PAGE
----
From 1979, with Video-Adventures, it became my preferred instrument and most of our recordings originated on the Synthi AKS. By running it through a warm MXR effect, I was able to achieve broader and warmer sound colors. Loops, pulses, rustles… I always approached this instrument in a completely intuitive way and with unlimited happiness. However, even if I used it on stage, I think that it is above all a studio and laboratory instrument. That’s why, afterwards, I preferred a Moog Source, which I used in sample and hold mode + coupled with the first affordable samplers. In 2012, I had it completely overhauled by Robin Wood (an EMS veteran) who offered to include new features for me to chose. Today, I still use it by connecting it to Moogerfooger and Eventide stompboxes.
04. Mathew Watson – Day Breaks (04:16)
Mat Watson is a Naarm (Melbourne) based artist focussed on the exploration of electronic sound and the drum set in many forms and under many guises. He has an extensive and diverse list of past and ongoing artist collaborations, and has performed at arts festivals, music festivals, galleries and theatres across Australia, Japan and the USA.
He has released solo and collaborative albums exploring a vast spectrum of sound, style and form, moonlighted with Bronx legends E.S.G, and collaborated on several large scale Boredoms BoaDrum performances in Australia and Japan.
He wrote, arranged and conducted Magnitudes – a work for 40 synthesisers performed by the MESS Synthesiser Orchestra at the Sidney Myer Music Bowl in Melbourne and most recently, curated and produced HEAVY SPECTRA, an individual audio visual work, and event for experimental artists working with sonic densities at Max Watts in Melbourne, Australia.
I purchased my Synthi in early 2007 and Day Breaks was one of the first complete pieces I recorded with it after an initial period of experimentation. I love the relationship between the envelope shaper and Trapezoid in the Synthi. It inspires a different approach compared to other modular systems. That one section of the Synthi can influence and be influenced within a patch to create interesting pulses and shapes. It is often the secret to opening a patch up for me. I recall using a DK1 at the time with the Synthi and would find myself switching between the Ks and the DK1 depending on the types of sound/control I wanted to explore. A self cycling envelope generator with a voltage amount tied to that shape which can also be triggeredinterupted by an external source was a revelation at the time. This piece has always resonated with me due to its simple approach and now, in hindsight, as a moment which reflects a pure period of creativity and change within my own practice.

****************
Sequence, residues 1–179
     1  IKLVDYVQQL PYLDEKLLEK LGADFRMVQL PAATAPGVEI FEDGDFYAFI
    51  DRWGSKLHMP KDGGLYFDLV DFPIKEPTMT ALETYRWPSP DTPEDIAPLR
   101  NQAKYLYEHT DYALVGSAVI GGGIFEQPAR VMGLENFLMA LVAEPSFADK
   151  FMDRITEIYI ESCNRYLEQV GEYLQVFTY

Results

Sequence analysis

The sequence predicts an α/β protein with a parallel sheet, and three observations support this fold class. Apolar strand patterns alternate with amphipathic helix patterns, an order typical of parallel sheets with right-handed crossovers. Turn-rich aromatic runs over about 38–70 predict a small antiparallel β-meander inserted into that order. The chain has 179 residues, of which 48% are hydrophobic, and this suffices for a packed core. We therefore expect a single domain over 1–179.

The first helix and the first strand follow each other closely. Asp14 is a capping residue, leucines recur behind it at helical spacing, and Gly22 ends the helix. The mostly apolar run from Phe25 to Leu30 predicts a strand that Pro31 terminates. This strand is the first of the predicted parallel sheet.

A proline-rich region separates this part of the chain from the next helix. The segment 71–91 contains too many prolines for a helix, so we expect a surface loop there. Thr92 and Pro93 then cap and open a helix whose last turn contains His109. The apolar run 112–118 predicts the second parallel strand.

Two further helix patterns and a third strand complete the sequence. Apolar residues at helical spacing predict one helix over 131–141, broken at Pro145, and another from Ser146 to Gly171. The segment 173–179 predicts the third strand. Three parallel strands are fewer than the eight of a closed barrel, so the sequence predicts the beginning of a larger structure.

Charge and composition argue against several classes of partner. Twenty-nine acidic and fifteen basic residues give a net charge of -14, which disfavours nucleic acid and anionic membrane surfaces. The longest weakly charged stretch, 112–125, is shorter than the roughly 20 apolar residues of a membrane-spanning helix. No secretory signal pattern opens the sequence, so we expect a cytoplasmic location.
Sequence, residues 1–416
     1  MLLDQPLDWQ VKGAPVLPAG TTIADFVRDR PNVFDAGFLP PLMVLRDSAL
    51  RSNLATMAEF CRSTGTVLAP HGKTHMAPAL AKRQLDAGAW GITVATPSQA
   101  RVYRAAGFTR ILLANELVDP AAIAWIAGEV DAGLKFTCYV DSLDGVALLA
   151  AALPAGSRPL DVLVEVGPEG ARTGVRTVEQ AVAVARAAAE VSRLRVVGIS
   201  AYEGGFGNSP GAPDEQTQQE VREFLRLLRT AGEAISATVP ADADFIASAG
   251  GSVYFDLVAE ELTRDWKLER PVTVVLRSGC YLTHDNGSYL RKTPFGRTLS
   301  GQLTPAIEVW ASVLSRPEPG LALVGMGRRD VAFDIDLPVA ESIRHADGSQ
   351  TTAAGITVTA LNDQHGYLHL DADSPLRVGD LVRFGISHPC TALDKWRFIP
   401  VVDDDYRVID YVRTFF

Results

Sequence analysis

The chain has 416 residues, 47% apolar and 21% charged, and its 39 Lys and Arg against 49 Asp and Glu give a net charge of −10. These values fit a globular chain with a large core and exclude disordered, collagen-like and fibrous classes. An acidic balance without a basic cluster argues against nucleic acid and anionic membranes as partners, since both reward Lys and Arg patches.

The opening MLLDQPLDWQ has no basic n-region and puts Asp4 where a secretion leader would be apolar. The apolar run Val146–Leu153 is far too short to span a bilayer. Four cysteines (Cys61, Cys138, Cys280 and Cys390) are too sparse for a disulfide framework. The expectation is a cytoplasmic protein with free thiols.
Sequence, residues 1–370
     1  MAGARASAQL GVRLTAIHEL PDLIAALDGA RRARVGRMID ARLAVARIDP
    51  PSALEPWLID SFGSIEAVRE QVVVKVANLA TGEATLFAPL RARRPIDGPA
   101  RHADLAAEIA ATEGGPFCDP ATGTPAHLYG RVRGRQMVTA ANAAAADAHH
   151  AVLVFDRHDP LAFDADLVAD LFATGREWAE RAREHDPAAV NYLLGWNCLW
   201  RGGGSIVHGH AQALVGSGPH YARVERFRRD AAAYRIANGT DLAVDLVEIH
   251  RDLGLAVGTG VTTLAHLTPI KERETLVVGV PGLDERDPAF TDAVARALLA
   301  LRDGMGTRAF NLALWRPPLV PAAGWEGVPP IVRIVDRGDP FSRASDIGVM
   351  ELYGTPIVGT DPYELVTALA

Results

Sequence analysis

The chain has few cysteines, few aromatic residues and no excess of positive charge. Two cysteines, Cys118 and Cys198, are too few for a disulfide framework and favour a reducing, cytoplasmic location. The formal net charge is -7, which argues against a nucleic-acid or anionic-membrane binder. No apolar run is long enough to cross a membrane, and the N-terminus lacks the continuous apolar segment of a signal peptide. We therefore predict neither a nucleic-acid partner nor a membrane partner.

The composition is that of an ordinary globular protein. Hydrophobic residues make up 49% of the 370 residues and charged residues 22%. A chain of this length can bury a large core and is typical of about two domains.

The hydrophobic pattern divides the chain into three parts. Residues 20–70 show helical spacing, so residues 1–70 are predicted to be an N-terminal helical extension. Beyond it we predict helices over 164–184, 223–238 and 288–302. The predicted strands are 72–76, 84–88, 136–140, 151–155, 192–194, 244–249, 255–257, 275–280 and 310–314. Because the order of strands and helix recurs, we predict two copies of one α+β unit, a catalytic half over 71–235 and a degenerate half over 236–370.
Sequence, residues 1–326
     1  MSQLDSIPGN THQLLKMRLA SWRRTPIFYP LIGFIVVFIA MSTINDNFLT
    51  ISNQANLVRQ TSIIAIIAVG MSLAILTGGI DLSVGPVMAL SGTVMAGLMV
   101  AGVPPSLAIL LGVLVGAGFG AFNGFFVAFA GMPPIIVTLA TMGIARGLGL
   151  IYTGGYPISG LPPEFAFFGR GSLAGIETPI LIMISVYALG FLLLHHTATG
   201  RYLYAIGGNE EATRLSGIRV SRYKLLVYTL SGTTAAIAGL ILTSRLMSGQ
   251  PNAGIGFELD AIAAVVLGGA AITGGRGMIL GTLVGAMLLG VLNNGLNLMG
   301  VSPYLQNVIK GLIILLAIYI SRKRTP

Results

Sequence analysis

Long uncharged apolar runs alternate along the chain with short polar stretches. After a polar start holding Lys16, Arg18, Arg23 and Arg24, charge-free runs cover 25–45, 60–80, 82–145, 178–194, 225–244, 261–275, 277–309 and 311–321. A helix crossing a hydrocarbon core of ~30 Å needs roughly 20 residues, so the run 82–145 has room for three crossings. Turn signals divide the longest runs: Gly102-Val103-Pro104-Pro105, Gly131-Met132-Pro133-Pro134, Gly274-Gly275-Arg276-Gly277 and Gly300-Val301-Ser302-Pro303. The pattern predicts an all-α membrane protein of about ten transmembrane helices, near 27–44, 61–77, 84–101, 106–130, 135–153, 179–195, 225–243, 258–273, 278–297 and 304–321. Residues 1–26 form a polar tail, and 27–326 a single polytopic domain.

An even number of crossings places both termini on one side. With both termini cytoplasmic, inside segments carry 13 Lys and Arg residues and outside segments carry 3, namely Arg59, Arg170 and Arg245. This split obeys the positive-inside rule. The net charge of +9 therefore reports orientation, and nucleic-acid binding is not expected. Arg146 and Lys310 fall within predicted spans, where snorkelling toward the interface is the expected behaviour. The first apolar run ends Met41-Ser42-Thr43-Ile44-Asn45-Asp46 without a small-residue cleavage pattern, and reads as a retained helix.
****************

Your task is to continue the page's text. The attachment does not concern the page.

05. James Gardner – Petite ébauche 1 (01;14)
06. James Gardner – Petite ébauche 2 (00:59)
James Gardner is an English born New Zealand musician and composer who spent much of the 1980s in London playing and programming keyboards and synthesizers for a variety of artists. He moved to New Zealand in 1994. which he directed until 2010 and his compositions have been played and broadcast throughout the world. Gardner has also broadcast on music on the radio station Radio New Zealand Concert. He has taught music at the University of Canterbury in Christchurch, Unitec and the University of Auckland. For some years he has been researching the history of the synthesiser company EMS with a view to publishing an authoritative book on the subject.
I just made the « little ébauches » as a contrast to the longer, drone-based tracks.
They are deliberately rhythmic and pulsed, but I couldn’t find a way forward with either of them. At least not without adding new sounds that were not made with the Synthi A. I was a little less purist about these tracks in that the Synthi A samples are played rhythmically from Logic’s EXS24 sampler with MIDI controlling them. In the longer tracks, Logic is just used as a “tape machine”, not as a sequencer. But all the sounds on these ébauches are still made by a Synthi A.
07. Vincent Epplay – Mentaliste Mémo 07 (02:23)
08. Vincent Epplay – Mentaliste Mémo 02 (02:12)
09. Vincent Epplay – Mentaliste Mémo 05 (02:39)
Vincent Epplay is a French sound artist.
Since the beginning of the 90s, he has been developing an unclassifiable artistic work exploring the interaction between the sound process and visual forms. He began to develop a particular and forward-looking approach to electronic music, centred on intuitive composition, learnings from musique concrète and a poetic/humorous re-appropriation of vintage sound/film materials.
I first got exposed to the Synthi A through two major records of the 60s and 70s:
« White Noise, An Electric Storm » by David Vorhaus with the participation of Delia Derbyshire – which brought me to know the productions of The BBC Radiophonic Workshop.
« Video-Adventures Music for boys and girls » by Dominique Grimaud & Monique Alba – an impossible to classify record released on the famous English label Recommended Records.
Following these discographic discoveries, a friend with whom I started my first experimentations and sound scrambling lent me a VCS3… A first initiation with this evil and fantastic machine gave me the virus.
A few years later, my meeting with the composer Bernard Parmegiani who invited me one afternoon in his studio in Saint-Rémy-de-Provence, and gave me for a symbolic sum a whole set of “sound machines” as they called them, among which a Synthi AKS with its EMS sequencer keyboard – opened again to me “the doors of unheard sounds”!